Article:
Introducing OpenStreetMap

To add stuff to the map, you need to:

  • Sign up to OpenStreetMap;
  • Get out into your local area and note the features you want to add;
  • Come back home, load up an editor and add them in.

OpenStreetMap can be a very confusing beast. At the heart of the project is a database holding all the map data that people work with.

OpenStreetMap structure

On the left you have editors that people use to enter data into that database. Some editors work well on mobile phones, others are easy to use but limited in their power, and a few are very hard to learn but extremely powerful.

On the right, there are all sorts of interesting uses for the data. In the diagram you can see a major online mapping provider, a satnav device and a cycle journey planner all using OpenStreetMap.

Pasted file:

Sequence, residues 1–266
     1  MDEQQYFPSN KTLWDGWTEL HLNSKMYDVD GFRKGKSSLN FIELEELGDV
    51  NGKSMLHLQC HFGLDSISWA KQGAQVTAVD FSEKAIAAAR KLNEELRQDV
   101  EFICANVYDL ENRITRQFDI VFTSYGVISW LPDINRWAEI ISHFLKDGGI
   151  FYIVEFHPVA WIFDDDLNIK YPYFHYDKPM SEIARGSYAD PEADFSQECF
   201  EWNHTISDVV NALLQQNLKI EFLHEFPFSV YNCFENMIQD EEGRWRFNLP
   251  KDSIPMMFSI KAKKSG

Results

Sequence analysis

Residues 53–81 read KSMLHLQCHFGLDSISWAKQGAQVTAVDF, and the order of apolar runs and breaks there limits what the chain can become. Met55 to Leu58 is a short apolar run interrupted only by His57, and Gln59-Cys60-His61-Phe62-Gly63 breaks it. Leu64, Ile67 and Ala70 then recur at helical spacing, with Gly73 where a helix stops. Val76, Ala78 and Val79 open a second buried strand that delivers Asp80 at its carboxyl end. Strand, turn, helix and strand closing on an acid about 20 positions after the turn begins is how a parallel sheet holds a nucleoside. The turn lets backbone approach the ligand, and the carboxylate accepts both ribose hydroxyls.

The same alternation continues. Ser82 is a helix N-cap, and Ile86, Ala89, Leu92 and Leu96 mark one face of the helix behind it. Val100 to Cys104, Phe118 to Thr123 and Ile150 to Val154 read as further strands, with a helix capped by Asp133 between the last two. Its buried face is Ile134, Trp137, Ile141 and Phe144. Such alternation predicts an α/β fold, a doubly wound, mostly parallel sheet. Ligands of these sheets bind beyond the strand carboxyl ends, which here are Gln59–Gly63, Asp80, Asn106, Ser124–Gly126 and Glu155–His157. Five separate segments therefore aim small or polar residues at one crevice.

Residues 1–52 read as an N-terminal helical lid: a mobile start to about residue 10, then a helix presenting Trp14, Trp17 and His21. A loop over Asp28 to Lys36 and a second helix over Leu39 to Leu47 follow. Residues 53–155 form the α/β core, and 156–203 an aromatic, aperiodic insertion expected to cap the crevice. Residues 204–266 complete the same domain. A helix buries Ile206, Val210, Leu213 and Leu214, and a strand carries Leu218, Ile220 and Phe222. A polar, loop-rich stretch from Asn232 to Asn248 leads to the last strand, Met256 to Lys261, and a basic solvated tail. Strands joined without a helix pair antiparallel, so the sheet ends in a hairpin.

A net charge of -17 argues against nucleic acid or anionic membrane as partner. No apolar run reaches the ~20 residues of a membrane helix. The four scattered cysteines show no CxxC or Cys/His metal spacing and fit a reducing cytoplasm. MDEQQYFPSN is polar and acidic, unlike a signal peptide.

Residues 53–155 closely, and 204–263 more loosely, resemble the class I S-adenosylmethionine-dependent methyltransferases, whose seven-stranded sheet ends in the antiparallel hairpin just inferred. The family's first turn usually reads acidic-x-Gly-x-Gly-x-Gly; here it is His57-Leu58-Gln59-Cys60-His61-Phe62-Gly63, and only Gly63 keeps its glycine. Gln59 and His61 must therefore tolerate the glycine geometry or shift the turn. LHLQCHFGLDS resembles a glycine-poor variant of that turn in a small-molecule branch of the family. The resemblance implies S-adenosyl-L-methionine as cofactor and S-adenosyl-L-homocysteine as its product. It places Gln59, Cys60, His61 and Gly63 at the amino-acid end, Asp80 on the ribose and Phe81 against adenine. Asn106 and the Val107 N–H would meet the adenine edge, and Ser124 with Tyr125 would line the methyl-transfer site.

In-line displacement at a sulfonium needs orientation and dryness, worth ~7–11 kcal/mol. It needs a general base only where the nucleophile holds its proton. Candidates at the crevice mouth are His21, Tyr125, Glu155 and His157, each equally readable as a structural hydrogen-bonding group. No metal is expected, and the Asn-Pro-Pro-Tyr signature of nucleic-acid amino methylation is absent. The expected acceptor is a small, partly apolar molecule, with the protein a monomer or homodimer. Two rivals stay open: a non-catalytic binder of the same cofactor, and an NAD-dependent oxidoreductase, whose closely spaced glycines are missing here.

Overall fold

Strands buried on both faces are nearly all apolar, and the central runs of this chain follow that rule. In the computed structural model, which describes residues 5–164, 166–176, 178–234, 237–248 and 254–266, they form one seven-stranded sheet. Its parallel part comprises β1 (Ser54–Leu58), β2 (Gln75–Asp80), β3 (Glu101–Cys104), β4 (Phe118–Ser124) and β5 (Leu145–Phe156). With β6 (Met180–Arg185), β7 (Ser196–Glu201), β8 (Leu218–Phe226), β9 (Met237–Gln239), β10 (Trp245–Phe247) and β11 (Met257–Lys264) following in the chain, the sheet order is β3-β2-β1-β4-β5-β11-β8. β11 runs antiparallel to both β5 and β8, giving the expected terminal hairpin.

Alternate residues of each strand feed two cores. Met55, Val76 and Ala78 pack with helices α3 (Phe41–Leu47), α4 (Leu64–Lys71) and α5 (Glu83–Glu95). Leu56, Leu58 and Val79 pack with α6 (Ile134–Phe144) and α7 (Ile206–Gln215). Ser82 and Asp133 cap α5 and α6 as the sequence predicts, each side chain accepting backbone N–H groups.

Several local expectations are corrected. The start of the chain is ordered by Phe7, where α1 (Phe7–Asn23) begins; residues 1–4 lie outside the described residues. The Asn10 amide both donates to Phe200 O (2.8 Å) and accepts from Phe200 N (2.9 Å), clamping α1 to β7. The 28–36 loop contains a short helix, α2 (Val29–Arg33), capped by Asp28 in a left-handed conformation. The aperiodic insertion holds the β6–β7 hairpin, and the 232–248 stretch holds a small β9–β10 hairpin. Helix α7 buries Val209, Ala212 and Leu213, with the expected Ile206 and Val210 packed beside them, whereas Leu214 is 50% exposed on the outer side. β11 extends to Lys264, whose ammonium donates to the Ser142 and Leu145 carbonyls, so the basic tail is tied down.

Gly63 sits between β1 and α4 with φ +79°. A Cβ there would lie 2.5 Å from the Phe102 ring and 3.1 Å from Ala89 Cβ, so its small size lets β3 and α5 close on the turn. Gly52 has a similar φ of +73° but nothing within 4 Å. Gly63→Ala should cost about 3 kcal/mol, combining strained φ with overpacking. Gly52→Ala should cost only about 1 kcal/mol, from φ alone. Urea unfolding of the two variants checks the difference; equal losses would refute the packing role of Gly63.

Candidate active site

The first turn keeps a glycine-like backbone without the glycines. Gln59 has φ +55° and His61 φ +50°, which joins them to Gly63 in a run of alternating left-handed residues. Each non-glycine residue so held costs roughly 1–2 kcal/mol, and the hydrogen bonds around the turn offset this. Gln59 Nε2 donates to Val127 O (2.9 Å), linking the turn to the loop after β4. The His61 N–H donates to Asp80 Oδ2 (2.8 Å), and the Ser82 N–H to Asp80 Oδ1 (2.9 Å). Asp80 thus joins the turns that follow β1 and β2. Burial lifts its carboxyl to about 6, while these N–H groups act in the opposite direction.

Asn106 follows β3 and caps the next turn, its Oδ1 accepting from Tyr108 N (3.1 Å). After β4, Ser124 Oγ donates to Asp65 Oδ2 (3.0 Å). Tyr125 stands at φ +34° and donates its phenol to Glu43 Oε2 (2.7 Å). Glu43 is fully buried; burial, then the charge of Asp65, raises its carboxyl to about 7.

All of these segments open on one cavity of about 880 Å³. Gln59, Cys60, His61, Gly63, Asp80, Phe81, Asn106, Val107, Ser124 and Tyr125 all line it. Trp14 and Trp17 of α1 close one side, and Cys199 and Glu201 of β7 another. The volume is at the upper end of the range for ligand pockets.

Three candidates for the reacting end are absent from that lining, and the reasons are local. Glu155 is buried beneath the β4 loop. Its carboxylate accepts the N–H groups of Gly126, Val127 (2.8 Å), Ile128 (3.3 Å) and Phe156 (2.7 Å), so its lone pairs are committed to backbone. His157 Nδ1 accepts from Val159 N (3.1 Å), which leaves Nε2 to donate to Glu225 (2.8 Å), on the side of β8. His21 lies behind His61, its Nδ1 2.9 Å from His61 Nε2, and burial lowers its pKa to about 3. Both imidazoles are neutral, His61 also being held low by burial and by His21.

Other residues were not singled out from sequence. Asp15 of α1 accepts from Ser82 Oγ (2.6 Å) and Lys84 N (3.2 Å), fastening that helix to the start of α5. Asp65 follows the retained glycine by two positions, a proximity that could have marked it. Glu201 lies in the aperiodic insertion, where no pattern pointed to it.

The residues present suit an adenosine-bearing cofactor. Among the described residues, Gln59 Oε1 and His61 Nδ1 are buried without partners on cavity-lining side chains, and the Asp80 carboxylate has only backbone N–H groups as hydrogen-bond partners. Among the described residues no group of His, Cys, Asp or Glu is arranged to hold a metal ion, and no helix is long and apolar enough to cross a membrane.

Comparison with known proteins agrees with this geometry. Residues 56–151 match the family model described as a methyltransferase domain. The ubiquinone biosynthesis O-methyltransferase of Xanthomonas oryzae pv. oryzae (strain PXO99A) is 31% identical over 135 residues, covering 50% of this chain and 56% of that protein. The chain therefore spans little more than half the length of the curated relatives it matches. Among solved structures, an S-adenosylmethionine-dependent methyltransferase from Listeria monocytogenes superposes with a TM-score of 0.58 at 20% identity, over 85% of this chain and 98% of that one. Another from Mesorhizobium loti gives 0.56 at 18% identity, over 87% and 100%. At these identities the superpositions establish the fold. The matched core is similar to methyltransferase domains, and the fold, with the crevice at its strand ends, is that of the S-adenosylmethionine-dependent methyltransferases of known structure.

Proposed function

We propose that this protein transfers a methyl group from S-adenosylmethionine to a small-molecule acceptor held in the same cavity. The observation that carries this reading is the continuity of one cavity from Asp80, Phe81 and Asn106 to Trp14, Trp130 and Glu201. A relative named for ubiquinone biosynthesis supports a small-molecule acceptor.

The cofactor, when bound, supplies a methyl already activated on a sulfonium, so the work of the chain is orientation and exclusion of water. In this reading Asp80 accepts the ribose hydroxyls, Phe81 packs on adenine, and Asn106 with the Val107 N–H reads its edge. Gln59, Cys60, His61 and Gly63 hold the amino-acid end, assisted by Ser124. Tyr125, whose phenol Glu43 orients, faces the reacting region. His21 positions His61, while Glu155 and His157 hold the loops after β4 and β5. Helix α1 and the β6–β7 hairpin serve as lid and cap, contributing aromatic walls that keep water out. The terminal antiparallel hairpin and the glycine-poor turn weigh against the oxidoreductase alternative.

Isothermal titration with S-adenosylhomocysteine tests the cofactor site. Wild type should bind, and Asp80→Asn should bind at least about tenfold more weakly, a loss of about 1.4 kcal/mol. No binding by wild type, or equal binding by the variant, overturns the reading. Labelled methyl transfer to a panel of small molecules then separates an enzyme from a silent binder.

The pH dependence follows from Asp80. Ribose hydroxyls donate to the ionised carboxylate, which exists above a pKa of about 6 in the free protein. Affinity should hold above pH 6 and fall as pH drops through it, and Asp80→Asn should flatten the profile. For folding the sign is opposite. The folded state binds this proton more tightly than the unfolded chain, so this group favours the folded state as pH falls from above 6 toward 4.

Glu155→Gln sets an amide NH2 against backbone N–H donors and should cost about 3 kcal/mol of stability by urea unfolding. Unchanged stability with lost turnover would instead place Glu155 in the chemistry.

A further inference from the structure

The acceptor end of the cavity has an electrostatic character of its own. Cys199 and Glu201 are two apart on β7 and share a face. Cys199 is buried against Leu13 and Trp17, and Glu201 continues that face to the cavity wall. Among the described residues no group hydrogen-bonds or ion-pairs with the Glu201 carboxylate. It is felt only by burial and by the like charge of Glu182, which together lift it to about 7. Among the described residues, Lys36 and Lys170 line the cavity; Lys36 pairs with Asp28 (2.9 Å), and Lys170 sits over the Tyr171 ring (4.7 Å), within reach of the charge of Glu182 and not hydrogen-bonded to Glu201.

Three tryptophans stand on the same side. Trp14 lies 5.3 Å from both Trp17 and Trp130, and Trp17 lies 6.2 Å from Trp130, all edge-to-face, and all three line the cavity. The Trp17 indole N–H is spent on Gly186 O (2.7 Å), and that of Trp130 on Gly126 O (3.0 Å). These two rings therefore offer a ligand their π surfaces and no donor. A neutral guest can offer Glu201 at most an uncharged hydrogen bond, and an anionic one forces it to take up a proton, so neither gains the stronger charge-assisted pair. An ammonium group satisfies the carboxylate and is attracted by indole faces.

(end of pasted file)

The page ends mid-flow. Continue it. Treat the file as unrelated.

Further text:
The data structure is quite straightforward. For simple features like bus stops, post boxes and cycle racks you have dots (called "nodes"). For linear features like roads, paths, buildings and parks you have lots of dots ("nodes") and they are joined up with lines ("ways"). You can see these below.

OpenStreetMap data

On the left the nodes and ways are shown as outlines; on the right they are overlaid on top of a fully-drawn map.

For every feature you add - whether a node or a way - you then add information (called "tags"). Each tag has a key and a value, key=value, for example:

  • highway=primary (this is a primary highway, i.e. an A-road in the UK)
  • name=Strand (this way is called Strand)
  • maxspeed=30 mph (this way has a maximum speed restriction of 30 miles per hour))

Editors let you add and change these nodes and ways; data users take them and draw maps, plan journeys, etc.

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Now you've got the basics sorted, head on to learn how to edit OpenStreetMap.